in the file.
                                 Then, run the Wic command again:
                                 <literallayout class='monospaced'>
@@ -9837,7 +9837,7 @@ 
                         <listitem><para>
                             Select the desired package format as follows:
                             <literallayout class='monospaced'>
-     PACKAGE_CLASSES ?= “package_<replaceable>packageformat</replaceable>”
+     PACKAGE_CLASSES ?= "package_<replaceable>packageformat</replaceable>"
                             </literallayout>
                             where <replaceable>packageformat</replaceable>
                             can be "ipk", "rpm", "deb", or "tar" which are the
@@ -14193,7 +14193,7 @@ 
                         <filename>local.conf</filename> file or in an image
                         recipe:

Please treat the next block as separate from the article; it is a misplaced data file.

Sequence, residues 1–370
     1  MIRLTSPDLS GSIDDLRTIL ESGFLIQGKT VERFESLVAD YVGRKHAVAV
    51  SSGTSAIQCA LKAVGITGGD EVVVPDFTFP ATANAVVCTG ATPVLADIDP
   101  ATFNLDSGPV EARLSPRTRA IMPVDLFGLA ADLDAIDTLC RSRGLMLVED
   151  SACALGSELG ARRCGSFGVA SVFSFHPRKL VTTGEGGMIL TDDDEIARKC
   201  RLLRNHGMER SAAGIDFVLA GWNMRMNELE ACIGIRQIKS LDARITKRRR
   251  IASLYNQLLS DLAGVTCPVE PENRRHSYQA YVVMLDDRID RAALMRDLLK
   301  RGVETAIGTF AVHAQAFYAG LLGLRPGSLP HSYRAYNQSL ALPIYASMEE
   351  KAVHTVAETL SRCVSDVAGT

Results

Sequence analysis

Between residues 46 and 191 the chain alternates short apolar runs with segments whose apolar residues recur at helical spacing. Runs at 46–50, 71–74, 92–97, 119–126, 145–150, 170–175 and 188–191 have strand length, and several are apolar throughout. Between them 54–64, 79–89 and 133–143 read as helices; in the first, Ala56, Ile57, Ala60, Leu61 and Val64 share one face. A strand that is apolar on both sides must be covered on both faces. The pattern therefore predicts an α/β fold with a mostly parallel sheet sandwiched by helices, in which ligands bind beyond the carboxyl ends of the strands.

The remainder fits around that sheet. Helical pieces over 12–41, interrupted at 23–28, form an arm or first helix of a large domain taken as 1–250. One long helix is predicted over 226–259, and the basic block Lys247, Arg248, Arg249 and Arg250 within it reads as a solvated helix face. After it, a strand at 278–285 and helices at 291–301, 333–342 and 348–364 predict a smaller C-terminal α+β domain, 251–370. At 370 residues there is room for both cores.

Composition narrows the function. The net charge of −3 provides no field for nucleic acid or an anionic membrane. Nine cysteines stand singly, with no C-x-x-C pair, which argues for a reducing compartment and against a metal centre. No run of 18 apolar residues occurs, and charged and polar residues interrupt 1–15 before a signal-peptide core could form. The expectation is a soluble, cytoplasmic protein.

<literallayout class='monospaced'>
-     IMAGE_INSTALL_append = “ gdbserver"
+     IMAGE_INSTALL_append = " gdbserver"
                         </literallayout>
                         The change makes sure the <filename>gdbserver</filename>
                         package is included.
diff --git a/documentation/dev-manual/dev-manual-qemu.rst b/documentation/dev-manual/dev-manual-qemu.rst
index 82c214b9b..88b03745f 100644
--- a/documentation/dev-manual/dev-manual-qemu.rst
+++ b/documentation/dev-manual/dev-manual-qemu.rst
@@ -74,7 +74,7 @@  available. Follow these general steps to run QEMU:
 
 3. *Ensure the Artifacts are in Place:* You need to be sure you have a
    pre-built kernel that will boot in QEMU. You also need the target
-   root filesystem for your target machine’s architecture:
+   root filesystem for your target machine's architecture:
 
    -  If you have previously built an image for QEMU (e.g. ``qemux86``,
       ``qemuarm``, and so forth), then the artifacts are in place in
@@ -396,7 +396,7 @@  command line:
 
 -  ROOTFS: A root filesystem that has one of the following filetype
    extensions: "ext2", "ext3", "ext4", "jffs2", "nfs", or "btrfs". If
-   the filename you provide for this option uses “nfs”, it must provide